If you’re interested in being interviewed for this series, please click on the Podcast Form link in the menu at the top of the page, fill out the form, and send it to me. I’ll contact you via email shortly thereafter.
But, I’m taking a few minutes away from the holiday festivities here on the East Coast to announce the latest addition to this blog: a weekly podcast containing an interview with one of the active hunters in the community of Fenn Hidden Teasure searchers.
I’m very interested in learning more about who everyone is without the filter of anonymity. The conversation will be about the person, and not their search solutions or strategies. Although, we’ll finish every interview with the following two questions:
I plan to post the first interview with a surprise guest on Monday, January 6, 2014, and then every Monday thereafter with a new guest every week.
If you think you have an interesting story to share with the rest of the search community, please click on the “Podcast Form” link at the top of the page, fill it out completely, and submit it. I’ll schedule them in the order in which your response appears in my mailbox.
In my response, you’ll receive a tentative date for the interview confernce call, the log in for the converence call, and the set of questions I’ll be using to conduct the interview. The first three interviews of the year are already booked with special guests, so yours will be scheduled sometime after that.
I have often said of this treasure hunt, “While the clues are in the poem, and the hints are in the book, the key is in the man.”
You can quote me.
Thus, it is highly likely I spend more time reviewing videos of Fenn’s various interviews than I do reading the poem (which I have already memorized anyway), or scrounging through Fenn’s “The Thrill of the Chase” with a magnifying glass and eye loupe.
I found this gem in the video produced by HDNet and hosted by one of their digital correspondents, Jennifer London. (You can find it here.)
In the video, beginning at the 4:15 mark, Fenn is showing London around his archeological dig, the San Lazaro ancient pueblo, the ruin on property he purchased from the Pueblo Tribes, and has been excavating since the 1980s.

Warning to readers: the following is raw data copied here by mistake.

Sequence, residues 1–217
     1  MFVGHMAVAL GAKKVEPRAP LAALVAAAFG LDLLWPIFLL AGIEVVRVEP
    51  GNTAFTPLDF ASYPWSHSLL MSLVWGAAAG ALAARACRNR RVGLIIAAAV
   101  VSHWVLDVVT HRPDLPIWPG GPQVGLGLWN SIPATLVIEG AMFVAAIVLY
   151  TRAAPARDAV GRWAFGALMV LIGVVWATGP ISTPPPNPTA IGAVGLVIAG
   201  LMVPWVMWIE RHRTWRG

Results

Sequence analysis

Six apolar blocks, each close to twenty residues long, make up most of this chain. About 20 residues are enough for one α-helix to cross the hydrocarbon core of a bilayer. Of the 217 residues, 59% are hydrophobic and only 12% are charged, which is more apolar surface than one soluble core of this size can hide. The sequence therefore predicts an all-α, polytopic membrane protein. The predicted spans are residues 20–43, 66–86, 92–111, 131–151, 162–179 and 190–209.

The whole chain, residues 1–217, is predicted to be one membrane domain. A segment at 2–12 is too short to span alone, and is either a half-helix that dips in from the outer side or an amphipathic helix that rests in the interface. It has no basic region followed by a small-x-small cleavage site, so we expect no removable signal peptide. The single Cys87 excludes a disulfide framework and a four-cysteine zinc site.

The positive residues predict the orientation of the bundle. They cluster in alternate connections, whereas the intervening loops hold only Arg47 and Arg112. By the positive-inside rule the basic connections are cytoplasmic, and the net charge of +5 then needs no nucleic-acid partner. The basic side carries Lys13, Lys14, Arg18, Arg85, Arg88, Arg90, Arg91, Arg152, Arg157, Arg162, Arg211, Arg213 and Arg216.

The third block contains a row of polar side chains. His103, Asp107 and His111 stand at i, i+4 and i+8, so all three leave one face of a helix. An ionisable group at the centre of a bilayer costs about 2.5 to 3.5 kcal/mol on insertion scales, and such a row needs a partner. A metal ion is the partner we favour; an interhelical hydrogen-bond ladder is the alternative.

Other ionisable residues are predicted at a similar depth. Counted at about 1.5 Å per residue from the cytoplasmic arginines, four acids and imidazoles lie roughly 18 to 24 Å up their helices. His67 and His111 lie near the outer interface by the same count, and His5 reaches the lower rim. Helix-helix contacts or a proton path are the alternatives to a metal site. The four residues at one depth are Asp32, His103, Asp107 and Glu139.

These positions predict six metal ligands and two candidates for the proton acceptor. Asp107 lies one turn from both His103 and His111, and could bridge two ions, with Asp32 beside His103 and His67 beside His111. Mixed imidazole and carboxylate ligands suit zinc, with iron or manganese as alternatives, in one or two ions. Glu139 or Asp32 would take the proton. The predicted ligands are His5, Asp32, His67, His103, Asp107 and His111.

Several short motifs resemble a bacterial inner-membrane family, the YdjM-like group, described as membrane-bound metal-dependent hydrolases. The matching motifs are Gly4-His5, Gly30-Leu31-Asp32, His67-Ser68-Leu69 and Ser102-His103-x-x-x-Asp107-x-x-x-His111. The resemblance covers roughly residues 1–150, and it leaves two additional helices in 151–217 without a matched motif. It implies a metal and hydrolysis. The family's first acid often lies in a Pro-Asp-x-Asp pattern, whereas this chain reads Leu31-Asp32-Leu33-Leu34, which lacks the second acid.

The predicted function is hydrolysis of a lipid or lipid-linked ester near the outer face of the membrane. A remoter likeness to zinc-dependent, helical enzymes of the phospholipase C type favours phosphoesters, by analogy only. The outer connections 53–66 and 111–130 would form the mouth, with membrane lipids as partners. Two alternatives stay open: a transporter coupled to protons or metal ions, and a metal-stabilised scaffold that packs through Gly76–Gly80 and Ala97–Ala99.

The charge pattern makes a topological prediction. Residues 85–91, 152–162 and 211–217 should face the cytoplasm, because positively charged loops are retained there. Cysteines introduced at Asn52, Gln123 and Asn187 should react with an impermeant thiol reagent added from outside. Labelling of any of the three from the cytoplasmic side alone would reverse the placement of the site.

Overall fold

(Note: I own a signed first edition of his book entitled “The Secrets of San Lazaro Pueblo.” If you had told me, prior to buying this book, I would have read, cover-to-cover, any book on an excavation of a single ancient pueblo in New Mexico, I would have laughed. Not at you, but at the thought of it.
Yet, I did. I read it cover-to-cover.
Because, it is easily read. And, it is written in the same down-home style of his other books. In it you can see his love for the project, and his pride at the discoveries he’s made.)
The clip starts with London’s voiceover background on the project.
Then, we see the two of them and hear this conversation (As usual, my comments are in italics.):
Fenn: Look here what I just found. I started to pick it up, but I thought you might wanna get a shot of it.
London: Oh, this?
London: Is this an arrowhead? (You can hear Fenn’s excitement in the short breaths he’s taking before his response.)
Fenn: See…the wind has uncovered that. It’s an arrowhead.
London: Wow…look at that!
London (in voiceover): Fenn bought the land in the early eighties and has been excavating the pueblo ever since. Unearthing treasures isn’t simply a pastime for Fenn…it’s a passion.
Fenn (on camera, but in voiceover): Y’know…there are millions of treasures out here. (Emphasis because he’s referring to San Lazaro.)
(Audio cut) Fenn (continuing): And..y’know…it’s…it’s part of my demeanor, I think. I mean, I live for things like this…a good fishing hole…an Indian ruin. (In B-roll, he’s picked up part of animal’s jaw bone.)
(Video cut to two-up) Fenn (continuing): When I found my first arrowhead when I was nine years old I told myself “That thing has been right in that very spot for thousands of years waiting for me to come along.” That’s a thrill to me.
London (in voiceover): Which leads us back to Fenn’s book, “The Thrill of the Chase,” and the hidden treasure. You see, everything with Fenn is an intricately laced story.
Fenn has said, on more than one occasion, that he hid the treasure in a place that was special to him.
It sits there, waiting for you to come along, and I’ll bet there’s a good fishing hole and an Indian ruin nearby.
Comments are open, but, as usual, require approval.
This video recording documents a presentation (followed by a book signing) by author Forrest Fenn in front of an audience of 40 to 45. The occasion was the launch of Fenn’s newest book, “Too Far to Walk,” at Moby Dickens Book Shop in Taos, New Mexico, although, as can be seen in the video, more time was spent discussing the treasure and Fenn’s last book, “The Thrill of the Chase.” The video is about an hour long and provides a great deal of insight into Fenn, his book, his treasure, and his reasoning.
This video documents a conversation (followed by a book signing) between Forrest Fenn and two friends who happen to be novelists in front of an audience of 70 to 75. The occasion was the launch of Fenn’s newest book, “Too Far to Walk,” at Collected Works Bookstore in Santa Fe, New Mexico, although, as can be seen in the video, more time was spent discussing the treasure and Fenn’s last book, “The Thrill of the Chase.”
You can view the video at: https://vimeo.com/ondemand/fennatmobydickens